> Realising that this is how society sees us and that we're just dispensable to them. I wanted to see change in the way that Muslims are talked about. Whenever there's a terrorist

incident, Muslims are always the first ones to be blamed and then we're all expected to apologize for it.

What also drew me to politics was carrying on the legacy of my friends. I don't want to let their parents down and I want them to see that their daughters’ legacy of service is still being continued, that their names haven’t been forgotten, that people still remember their story, how they lived their lives, how they practiced, how they were proud Muslim Americans.

I REMEMBER THE first day I got to South Carolina, I went to a Chick-fil-A because I needed to get lunch. I walked into the restaurant and everyone stopped eating and turned around and just stared at me. And I was like, I don't know what to do, so I quickly got my food. And I went and I ate in my car because I was like, I don't even feel comfortable sitting in there. And it was constant experiences like that. I would have to go door to door to talk to voters and I had to do it alone, and a lot of these people had never seen a Muslim person before, I’d get chased out of their yards, get cursed at. 

While running for a seat on the Durham County Board of Commissioners, one thing I always thought about is that despite having figures like Rashida Tlaib and Ilhan Omar as inspiration, I couldn’t model my campaign after them. In North Carolina, it's a different ball game, we're in the South. I have to go through the hurdles of Confederacy, people sending me messages, telling me to go back to where I came from. One thing I do hope to see is that my campaign becomes an example for other Muslim women who want to run in North Carolina or even other Southern states, the strategies that we used, how to effectively get our messaging out there, how to build relationships with different community groups.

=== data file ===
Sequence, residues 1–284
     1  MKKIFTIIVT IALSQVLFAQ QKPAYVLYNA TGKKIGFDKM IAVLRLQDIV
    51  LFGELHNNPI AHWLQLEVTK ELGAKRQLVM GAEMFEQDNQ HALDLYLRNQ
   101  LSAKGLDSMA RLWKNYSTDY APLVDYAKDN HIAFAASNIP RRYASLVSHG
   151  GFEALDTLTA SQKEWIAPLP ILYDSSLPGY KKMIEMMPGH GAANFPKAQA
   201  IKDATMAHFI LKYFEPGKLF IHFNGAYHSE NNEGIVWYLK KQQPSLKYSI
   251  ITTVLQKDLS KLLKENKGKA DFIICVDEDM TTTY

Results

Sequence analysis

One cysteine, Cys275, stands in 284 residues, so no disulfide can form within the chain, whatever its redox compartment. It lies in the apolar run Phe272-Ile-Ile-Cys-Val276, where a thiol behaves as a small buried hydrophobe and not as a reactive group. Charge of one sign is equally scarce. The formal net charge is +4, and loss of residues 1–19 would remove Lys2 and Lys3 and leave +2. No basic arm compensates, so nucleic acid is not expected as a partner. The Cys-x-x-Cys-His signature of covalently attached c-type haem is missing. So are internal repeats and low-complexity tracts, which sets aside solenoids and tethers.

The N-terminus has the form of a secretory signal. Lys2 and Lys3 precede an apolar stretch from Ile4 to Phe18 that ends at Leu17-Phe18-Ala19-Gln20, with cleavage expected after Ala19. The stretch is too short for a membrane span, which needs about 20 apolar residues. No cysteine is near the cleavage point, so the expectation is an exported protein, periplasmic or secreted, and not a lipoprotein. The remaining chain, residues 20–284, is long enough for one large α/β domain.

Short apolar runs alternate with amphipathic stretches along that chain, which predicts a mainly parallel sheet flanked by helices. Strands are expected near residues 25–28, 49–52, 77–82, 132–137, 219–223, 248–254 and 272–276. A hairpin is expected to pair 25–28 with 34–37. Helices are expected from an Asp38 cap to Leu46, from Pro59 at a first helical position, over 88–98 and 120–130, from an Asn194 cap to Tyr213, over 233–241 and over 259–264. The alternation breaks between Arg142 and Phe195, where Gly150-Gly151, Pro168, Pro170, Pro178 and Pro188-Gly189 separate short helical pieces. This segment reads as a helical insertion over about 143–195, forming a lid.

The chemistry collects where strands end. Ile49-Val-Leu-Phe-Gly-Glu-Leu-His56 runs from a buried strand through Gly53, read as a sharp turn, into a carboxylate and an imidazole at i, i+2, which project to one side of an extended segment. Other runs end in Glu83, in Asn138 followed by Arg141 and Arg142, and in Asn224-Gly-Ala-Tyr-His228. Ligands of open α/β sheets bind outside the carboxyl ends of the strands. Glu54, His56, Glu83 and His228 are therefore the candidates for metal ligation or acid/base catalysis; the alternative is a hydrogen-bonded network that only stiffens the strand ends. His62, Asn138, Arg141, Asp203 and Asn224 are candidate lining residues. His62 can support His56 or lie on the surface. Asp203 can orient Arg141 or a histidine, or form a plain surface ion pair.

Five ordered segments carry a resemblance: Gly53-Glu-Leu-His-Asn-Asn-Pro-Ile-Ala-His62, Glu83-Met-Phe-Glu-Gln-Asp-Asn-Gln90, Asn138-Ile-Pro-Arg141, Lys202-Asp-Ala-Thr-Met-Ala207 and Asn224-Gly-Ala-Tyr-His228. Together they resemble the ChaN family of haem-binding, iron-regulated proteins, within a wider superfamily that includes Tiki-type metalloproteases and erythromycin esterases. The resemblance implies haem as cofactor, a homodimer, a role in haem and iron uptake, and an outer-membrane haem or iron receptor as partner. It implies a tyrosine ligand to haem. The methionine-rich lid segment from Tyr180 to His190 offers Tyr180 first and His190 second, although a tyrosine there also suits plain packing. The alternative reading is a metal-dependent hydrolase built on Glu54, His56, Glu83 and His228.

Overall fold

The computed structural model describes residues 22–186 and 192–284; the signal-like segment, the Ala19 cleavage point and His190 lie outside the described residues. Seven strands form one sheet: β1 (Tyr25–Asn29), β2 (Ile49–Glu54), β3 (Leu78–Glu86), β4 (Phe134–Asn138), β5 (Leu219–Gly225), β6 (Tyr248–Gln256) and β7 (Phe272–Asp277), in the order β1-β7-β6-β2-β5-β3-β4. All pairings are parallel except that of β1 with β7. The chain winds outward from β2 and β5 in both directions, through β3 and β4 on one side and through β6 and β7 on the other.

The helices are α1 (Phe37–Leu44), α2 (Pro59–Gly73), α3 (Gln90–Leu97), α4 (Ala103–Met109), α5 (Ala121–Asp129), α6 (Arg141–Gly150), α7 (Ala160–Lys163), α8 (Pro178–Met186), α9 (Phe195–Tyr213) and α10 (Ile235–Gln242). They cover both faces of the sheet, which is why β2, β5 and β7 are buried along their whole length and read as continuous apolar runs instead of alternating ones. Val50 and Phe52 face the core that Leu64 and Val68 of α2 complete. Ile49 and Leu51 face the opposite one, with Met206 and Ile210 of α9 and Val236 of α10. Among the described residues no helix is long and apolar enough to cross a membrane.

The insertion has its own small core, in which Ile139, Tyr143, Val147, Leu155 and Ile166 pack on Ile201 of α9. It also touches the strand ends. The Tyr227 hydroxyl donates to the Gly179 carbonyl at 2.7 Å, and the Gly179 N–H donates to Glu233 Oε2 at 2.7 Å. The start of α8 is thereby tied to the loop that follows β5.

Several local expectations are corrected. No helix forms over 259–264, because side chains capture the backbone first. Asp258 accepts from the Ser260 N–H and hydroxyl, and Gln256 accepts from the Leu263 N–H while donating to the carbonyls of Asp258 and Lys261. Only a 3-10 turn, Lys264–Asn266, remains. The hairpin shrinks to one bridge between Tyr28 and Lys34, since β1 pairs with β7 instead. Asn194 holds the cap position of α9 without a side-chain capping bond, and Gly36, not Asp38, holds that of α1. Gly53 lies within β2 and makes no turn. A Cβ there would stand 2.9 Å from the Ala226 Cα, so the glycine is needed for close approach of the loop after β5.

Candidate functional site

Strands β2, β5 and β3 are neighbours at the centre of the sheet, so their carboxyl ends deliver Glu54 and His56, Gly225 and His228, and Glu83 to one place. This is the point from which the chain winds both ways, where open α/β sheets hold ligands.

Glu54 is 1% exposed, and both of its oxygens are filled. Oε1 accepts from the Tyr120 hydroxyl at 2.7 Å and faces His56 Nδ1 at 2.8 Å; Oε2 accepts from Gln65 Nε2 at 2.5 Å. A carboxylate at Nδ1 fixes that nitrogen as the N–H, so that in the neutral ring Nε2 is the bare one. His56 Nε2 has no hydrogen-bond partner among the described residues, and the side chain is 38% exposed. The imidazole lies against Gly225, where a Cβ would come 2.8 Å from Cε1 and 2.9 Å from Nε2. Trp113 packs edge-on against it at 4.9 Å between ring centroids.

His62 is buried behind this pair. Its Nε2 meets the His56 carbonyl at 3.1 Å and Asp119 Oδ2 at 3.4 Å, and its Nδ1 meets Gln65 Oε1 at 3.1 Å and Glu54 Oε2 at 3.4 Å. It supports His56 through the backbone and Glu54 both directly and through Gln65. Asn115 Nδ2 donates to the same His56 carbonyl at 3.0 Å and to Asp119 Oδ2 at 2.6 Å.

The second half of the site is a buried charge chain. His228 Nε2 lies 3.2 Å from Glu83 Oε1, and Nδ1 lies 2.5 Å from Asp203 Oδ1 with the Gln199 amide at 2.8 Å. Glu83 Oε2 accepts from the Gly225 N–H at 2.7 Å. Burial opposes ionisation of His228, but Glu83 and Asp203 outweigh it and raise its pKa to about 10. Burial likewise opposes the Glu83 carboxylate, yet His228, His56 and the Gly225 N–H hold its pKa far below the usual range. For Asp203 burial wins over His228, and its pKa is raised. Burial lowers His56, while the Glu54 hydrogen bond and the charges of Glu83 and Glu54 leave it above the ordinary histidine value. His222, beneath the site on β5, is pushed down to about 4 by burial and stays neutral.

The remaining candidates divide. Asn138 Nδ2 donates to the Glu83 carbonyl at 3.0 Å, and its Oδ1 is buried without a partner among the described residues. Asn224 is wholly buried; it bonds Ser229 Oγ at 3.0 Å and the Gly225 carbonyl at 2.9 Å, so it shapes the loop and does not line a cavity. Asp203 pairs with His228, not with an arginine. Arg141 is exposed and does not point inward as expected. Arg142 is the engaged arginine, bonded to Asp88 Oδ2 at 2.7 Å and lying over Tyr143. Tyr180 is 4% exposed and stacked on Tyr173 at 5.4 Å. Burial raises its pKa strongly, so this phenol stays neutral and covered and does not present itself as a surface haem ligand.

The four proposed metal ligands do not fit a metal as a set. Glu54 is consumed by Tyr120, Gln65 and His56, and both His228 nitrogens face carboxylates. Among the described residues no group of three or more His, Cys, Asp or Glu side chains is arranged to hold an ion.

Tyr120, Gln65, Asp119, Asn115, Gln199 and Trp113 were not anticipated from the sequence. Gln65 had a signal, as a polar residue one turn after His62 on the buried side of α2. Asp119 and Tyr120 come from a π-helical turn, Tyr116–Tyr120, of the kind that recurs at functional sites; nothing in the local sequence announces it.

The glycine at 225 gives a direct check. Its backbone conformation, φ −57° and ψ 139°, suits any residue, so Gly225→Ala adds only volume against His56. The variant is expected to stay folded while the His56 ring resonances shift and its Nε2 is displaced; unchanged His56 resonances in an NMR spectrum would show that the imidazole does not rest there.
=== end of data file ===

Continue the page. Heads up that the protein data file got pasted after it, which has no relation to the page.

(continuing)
BEING THE FIRST Muslim woman to be elected to any office in North Carolina, I don’t want to be tokenised. For people to say, oh we're so diverse, we elected the first Muslim woman. Like, yes, it's something to celebrate, but also, why did it take so long to reach this point? 

> Why has it taken us so long in the entire state of North Carolina, at any level of elected office? Why did you not see me or women like me capable or qualified enough before this point?

It’s also a lot of pressure, because people need that support and representation from you. Being a representative of the Muslim community, of Muslim women, of South Asians, everyone looks to me like oh, is that what other South Asian or other Muslim women are going to do?

A LOT OF people still question me regarding my faith. I recently got asked if my religion is going to influence my policy and decision making. I told that person, honestly, I hope so. Because for me, my religion teaches me that if your neighbor doesn't have food on their table, it's your responsibility to do something about it. Either you take some food over to them or find the systems that are in place that are keeping food off their table and tear them down. So for me, that stems from my religion, the value of a human life, the value of taking care of someone comes from the morals my parents raised me with. So, yes, I do hope that I lead with my morals.

NIDA ALLAM (she/her) has been a grassroots organiser since high school. In 2017, she was elected as 3rd Vice Chair of the North Carolina Democratic Party and in 2018, she was unanimously elected as Chair of the Durham Mayor’s Council for Women. In 2020, she was elected to the Durham County Board of Commissioners, becoming the first Muslim woman to hold public office in North Carolina. You can follow and support the work she’s doing to uplift her community here.